As a start, these articles will give some answers to frequently asked questions. Then I’ll try to outline some of the more commonly encountered causes of various learning difficulties. 


If you miss one of these articles, don’t despair because they are all published on the blog on the Integrated Learning Therapy website.  So visit the website – www.ilt.co.za – to read more about our ILT approach and also to check on any blogs that you might have missed.


We also offer courses to parents, teachers and helping professionals and those are listed on the website as well.


If you’d like to continue to receive articles like this, please Like our Facebook page and share with all your friends.

Raising kids with high self-esteem


Having confidence and faith in oneself is something we all acknowledge to be a positive trait. Success is so often accompanied by self-confidence, a good self-concept and self-esteem.  We visualise those with high self-esteem as walking tall, being able to socialise easily, share their opinions with assurance, ready to assume leadership roles and take necessary risks in life.  They stand up for themselves, are independent enough to resist peer pressure and even escape bullying.  Good reasons for us to consider how children may be helped to develop high regard for themselves.


It starts with the formation of identities.  We have many different identities that we form throughout our lives.  These identities are linked to the roles we have in life as we experience ourselves in different stages and situations. For example, we have all been in the role of a child, a brother or sister, a preschooler, a primary school learner, a soccer or netball player, a reader, and later a boy or girlfriend, wife or husband, mother or father, employee or employer, grandparent, retiree, and so on and on.


As we take on different identities, we evaluate them.  We assess ourselves in relative terms – using others as a comparison.  For example, we compare ourselves to others in the classroom and may conclude that we cannot read as well as most.  That may lead to a negative image of our identity as a reader.  On the other hand, we may compare ourselves favourably in another situation, for example, in art class.  Our identity as someone who draws and paints will be positive.  And we also evaluate ourselves according to how others rate us.  If we hear (or see) approval of some aspect of ourselves from others, we will judge ourselves accordingly.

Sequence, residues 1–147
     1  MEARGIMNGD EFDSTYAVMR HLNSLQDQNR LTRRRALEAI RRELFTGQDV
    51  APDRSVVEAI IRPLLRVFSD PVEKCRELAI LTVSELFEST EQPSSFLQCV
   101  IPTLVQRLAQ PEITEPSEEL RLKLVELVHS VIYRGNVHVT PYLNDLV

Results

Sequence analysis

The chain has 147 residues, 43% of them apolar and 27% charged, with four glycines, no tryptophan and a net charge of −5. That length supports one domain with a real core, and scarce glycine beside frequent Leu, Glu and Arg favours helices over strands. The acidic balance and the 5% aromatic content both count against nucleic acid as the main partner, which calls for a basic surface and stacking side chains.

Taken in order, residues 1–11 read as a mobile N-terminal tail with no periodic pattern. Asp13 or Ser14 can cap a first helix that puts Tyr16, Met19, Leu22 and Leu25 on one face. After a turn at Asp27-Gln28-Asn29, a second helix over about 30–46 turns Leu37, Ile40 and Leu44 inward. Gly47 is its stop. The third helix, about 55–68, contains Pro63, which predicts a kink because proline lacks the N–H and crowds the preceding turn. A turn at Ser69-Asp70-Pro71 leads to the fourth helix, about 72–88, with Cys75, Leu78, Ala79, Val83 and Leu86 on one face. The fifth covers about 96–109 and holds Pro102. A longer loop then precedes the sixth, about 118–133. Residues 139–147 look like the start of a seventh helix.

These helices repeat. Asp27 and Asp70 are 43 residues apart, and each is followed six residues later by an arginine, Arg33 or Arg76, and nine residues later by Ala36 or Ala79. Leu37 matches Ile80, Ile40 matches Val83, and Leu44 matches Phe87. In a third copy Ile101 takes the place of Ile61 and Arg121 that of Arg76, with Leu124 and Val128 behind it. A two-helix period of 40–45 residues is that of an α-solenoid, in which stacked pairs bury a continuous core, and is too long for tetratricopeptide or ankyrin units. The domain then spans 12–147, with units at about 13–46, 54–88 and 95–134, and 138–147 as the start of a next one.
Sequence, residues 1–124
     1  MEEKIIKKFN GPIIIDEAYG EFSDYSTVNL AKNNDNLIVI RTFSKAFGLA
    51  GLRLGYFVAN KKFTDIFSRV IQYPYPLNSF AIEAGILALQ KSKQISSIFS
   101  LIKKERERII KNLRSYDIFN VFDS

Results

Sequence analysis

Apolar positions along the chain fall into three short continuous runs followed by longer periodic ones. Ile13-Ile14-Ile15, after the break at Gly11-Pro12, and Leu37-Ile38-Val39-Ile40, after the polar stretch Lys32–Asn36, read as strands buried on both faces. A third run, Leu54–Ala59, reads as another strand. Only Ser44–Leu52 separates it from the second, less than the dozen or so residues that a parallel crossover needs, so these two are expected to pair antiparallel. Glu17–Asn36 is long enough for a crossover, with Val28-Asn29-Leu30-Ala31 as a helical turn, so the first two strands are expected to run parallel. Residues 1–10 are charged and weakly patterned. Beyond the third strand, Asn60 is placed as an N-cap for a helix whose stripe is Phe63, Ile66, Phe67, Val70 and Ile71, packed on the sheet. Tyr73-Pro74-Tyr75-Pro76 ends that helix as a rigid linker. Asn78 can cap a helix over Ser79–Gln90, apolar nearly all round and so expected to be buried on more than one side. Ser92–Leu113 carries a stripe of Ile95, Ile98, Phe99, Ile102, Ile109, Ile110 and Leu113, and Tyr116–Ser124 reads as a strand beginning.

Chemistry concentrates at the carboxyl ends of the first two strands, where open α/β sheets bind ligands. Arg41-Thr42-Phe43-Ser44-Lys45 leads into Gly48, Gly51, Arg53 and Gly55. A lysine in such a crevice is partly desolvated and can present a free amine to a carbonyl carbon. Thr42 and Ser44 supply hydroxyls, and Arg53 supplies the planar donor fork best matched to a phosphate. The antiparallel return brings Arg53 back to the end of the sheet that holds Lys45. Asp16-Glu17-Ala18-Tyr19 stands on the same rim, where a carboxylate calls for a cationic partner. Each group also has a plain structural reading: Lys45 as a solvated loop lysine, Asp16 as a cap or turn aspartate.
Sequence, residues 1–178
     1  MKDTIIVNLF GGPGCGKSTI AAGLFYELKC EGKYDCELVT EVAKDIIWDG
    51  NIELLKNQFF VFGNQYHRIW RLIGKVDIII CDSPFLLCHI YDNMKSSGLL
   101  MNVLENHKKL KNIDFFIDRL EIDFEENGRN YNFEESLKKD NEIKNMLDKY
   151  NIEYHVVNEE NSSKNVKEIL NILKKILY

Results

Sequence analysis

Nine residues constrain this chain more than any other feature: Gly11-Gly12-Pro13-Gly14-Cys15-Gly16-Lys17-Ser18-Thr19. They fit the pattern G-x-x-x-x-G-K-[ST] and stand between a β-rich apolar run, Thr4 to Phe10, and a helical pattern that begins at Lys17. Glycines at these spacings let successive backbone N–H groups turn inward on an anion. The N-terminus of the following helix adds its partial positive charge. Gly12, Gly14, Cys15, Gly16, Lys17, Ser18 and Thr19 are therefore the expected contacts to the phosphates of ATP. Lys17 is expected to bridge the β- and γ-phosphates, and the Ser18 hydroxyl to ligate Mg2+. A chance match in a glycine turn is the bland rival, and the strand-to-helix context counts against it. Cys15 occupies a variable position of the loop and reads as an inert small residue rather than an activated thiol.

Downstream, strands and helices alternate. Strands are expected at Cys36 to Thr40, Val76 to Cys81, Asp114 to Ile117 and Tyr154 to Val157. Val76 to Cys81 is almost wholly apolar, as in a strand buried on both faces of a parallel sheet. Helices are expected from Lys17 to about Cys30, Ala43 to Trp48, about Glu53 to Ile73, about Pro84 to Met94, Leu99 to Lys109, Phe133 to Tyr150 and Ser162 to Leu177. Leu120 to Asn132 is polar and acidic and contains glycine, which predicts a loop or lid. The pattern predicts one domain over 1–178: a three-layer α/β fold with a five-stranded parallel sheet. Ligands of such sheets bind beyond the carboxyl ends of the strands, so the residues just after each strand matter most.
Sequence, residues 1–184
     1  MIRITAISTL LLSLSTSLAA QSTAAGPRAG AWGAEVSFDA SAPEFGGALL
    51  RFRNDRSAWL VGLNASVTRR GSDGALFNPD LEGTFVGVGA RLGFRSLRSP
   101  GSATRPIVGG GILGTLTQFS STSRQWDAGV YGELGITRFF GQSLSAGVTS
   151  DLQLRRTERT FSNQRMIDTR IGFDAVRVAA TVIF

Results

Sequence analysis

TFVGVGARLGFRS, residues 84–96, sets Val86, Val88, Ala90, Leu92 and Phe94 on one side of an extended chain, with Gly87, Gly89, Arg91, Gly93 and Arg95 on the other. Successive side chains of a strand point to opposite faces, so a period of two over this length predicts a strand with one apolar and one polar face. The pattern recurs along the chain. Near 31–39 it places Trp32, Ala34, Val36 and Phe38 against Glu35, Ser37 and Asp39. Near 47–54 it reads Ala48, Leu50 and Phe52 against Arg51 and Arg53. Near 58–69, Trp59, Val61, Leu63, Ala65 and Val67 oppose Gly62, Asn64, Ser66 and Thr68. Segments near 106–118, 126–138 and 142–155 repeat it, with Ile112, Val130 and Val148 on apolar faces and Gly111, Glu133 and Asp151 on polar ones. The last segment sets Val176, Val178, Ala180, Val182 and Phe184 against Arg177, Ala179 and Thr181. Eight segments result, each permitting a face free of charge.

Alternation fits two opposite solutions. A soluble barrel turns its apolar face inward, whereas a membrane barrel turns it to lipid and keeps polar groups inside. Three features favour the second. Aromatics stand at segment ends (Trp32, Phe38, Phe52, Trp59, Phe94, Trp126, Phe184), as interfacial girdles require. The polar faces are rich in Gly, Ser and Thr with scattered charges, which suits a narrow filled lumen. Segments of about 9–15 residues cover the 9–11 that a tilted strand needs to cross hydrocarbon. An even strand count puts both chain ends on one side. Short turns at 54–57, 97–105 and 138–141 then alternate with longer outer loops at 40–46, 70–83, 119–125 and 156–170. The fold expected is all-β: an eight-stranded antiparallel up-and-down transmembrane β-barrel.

As we live our lives, it is, of course, impossible to have high regard for every single identity we form.  The important thing is that we have more positive self-identities than negative – especially if the areas in which we score ourselves positively are deemed significant by our particular culture and society.


For this reason, the attitude of significant others to who we are and what we do plays an important role in the formation of high self-esteem.  If we constantly meet with criticism or negative comments regarding ourselves, we don’t have a chance to evaluate any of our identities positively.  This results in the formation of a negative self-concept and low self-esteem with a resulting lack of confidence in our abilities and value.


Young children tend to be naturally confident about themselves but this can quite quickly be undermined by criticism or ridicule from family and teachers.  Sometimes, in the hurly burly of our daily lives, we don’t have time to stop and consider their good behaviours; we only notice when they misbehave, quarrel, make mistakes at school, fail to do their chores, can’t get ready on time and so on.  We react very quickly to annoying behaviours.  What we should be doing is watching out for positive behaviours, successes and achievements no matter how small. Those create opportunities to acknowledge a child and by acknowledging them, we increase their confidence and reinforce their self-worth.


Part of growing up should include opportunities for children to consider their own good points and also hear about these from others.  We can’t all be top of the class, a whizz chess player, the best cricketer and so on and seeming to never shine at anything can be detrimental to the forming of a high self-esteem. But we certainly do all have things we are good at – and every child should be able to name those.


This doesn’t mean that parents should continually give children positive messages to the point of being dishonest.  A healthy self-esteem is realistic.  Children need to be helped to evaluate their identities accurately.  Telling children they are ‘so clever’ when they actually lack academic talent is not helpful.  Rather give them praise for things that they really do well, and support lesser abilities by modelling helpful acceptance of one’s limitations.  A child who accepts that he isn’t able to read as well as others but takes comfort from the fact that he copes well in maths class or is good at making friends on the playground is well on the way to a realistic, positive self-esteem.


Integrated Learning Therapy (ILT)  focuses on unravelling the underlying causes of a child’s failure to thrive at school.  Visit our website www.ilt.co.za to read more about our approach. We also offer courses for parents, teachers and other helping professionals.